TST New Zealand Fan Meetup! 2/8/15 Come One Come All!

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Sorry the content’s been a little light around here this week; the entire team is down in New Zealand, the world’s least known car paradise, making some amazing, pretty car films thanks to help from the creators of Automation: The Car Company Tycoon Game! (support them by clicking the link please!)

We’ve got tons of cars scheduled to film so far, and the trip is going swimmingly. But on our last day in the country, we want to meet the people of Auckland and see the crazy stuff they’ve built. So we’re having a New Zealand Fan Meetup in Auckland’s Cornwall Park!

Sunday, February 8th at 11 AM, in the car park by the main roundabout inside Cornwall Park

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Come one, come all, bring your cars, bring your friends and their cars, bring whatever crazy (or not so crazy) enthusiast car you’ve got! We will have cameras and will be getting footage for our New Zealand car culture film, and we want your car in it! Meet Matt, Zack, Thad, and Tom, and talk to the creators of Automation about one of the coolest games for gearheads coming soon.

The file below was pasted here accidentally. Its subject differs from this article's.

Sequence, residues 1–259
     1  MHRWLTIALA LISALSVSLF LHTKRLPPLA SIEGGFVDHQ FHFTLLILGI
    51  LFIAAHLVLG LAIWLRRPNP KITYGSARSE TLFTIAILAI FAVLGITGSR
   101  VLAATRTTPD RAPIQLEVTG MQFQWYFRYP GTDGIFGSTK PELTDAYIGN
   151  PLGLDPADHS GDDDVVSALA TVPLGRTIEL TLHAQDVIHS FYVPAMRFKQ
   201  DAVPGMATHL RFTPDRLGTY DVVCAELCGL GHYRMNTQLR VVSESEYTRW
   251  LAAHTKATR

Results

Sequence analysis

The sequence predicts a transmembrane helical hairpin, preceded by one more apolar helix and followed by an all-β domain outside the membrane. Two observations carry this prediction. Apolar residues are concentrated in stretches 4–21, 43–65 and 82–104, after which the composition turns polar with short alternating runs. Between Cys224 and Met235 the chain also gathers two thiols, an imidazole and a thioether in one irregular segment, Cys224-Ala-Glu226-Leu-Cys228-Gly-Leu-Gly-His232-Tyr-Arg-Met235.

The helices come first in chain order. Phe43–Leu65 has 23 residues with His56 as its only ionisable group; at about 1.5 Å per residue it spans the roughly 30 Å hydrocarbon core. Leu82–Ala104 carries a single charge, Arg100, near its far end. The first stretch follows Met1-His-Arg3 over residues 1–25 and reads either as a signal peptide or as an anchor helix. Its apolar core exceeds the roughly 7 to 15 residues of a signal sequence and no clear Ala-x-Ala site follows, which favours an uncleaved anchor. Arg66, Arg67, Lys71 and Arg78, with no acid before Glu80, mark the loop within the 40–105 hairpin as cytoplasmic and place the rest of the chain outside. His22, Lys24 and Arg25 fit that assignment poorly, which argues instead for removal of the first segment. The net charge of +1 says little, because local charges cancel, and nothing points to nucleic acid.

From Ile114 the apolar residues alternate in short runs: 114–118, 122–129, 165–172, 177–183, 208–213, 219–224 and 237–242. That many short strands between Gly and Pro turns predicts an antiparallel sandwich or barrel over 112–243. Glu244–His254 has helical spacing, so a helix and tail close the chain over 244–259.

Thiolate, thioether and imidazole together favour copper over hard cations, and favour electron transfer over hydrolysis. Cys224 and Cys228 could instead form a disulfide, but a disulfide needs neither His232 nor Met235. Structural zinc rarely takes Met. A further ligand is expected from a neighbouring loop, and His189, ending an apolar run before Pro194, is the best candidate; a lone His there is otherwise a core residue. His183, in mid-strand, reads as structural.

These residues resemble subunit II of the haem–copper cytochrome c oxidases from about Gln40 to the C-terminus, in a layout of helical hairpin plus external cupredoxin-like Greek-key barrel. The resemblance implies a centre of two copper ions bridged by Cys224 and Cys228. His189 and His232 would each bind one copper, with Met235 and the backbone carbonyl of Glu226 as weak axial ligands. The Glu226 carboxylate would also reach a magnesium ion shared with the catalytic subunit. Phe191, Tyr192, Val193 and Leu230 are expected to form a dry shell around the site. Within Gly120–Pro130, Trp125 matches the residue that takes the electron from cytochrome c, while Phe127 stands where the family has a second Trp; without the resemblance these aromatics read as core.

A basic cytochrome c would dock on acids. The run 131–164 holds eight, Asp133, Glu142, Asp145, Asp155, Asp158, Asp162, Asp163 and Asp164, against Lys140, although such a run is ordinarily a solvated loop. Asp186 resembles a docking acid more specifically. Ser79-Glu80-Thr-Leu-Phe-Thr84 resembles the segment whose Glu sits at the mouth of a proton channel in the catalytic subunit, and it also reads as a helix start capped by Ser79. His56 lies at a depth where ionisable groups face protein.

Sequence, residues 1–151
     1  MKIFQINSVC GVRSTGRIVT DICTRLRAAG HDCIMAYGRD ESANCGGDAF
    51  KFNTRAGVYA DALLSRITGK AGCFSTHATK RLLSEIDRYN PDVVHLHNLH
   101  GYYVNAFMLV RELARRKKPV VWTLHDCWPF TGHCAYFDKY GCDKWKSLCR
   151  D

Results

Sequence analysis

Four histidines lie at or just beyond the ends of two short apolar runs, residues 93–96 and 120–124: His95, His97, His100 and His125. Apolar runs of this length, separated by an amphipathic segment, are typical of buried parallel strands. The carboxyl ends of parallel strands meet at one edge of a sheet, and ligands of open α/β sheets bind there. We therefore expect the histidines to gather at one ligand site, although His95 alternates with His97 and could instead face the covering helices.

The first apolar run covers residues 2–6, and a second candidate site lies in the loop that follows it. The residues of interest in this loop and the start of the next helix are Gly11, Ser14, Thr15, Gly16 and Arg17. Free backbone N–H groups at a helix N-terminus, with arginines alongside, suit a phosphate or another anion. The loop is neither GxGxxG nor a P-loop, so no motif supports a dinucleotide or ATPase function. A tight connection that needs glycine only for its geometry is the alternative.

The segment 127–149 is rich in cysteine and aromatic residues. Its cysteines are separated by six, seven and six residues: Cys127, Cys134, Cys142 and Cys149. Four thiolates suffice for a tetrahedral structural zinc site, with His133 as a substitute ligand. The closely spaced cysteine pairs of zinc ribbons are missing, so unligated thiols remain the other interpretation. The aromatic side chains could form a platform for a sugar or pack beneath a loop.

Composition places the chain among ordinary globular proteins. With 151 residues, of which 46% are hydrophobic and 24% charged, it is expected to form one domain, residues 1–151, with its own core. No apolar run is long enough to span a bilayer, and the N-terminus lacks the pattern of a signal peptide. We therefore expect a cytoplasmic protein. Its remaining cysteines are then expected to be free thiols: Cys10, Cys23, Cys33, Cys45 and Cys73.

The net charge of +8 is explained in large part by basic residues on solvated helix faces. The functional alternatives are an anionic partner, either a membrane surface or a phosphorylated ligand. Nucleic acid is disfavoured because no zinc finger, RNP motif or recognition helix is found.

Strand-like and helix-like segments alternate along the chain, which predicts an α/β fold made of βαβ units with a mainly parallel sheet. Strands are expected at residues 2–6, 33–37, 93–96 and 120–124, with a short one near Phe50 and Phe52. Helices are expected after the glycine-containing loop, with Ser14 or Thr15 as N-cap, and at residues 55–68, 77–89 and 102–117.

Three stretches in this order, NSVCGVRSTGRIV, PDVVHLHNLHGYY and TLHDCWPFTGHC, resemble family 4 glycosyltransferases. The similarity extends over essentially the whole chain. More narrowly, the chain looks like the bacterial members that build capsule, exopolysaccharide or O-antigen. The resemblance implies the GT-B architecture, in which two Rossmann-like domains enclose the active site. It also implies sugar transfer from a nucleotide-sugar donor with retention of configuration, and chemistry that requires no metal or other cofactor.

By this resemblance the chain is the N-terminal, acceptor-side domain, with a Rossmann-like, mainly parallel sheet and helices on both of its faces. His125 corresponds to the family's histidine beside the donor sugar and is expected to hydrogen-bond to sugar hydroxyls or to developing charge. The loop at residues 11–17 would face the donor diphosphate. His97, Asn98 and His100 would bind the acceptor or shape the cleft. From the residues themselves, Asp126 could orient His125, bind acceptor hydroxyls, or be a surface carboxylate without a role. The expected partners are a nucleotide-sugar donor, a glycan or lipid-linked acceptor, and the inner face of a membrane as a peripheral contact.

Please be respectful of the fact we are in a park. No burnouts, revving, donuts, hooning, or other silliness in the park! Let’s try to get out of this country without getting arrested, Mmkay? 

See you all there!

TST Podcast #155: The 900k Mile Service


This week we’re joined by Travis Okulski (@tokulski) Editor at Jalopnik along with Jeff Glucker (@JGlucker) co-founder of Hooniverse.  Travis is in town for the Corvette Z06 launch and Jeff… well he was just killing time after recording a Hooniverse Podcast. With Travis’ impending time in the Z06 we of course discuss that and the potential of its new 8 speed automatic. But we also touch on Top Gear, launching an M4 via a 5″ curb, many bad Bob Dylan jokes, an update on Matt’s Lexus LS400 andNino’s new status as a Vine celebrity.

Download the Podcast on Shoutengine

Download the Podcast on iTunes

The 5 Best Cars I Drove in 2015

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by Collin Woodard

With 2015 started out strong, the premier members of the automotive press have all made sure to name their favorite cars of 2014. They talked about cars like the BMW i8 and how it’s one of the most important cars in years. Unfortunately, I haven’t driven the BMW i8. It’s without a doubt the car of the year, but if I haven’t driven it, how can I include it on my list?

I have, however, driven the Volkswagen GTI, which many people speak very highly of. Unfortunately, when I drove the GTI, it was in Virginia, and if I drove it any faster than 35 mph, I ran the risk of being hauled away to prison, and I would not do well in prison. If I told you that some of the most fun that I had in a car all year was driving along at 35 mph, you’d call me a lunatic, no matter how good the GTI is.

So what were the best cars that I drove all year? Here they are, in handy list format.

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5. Rolls Royce Ghost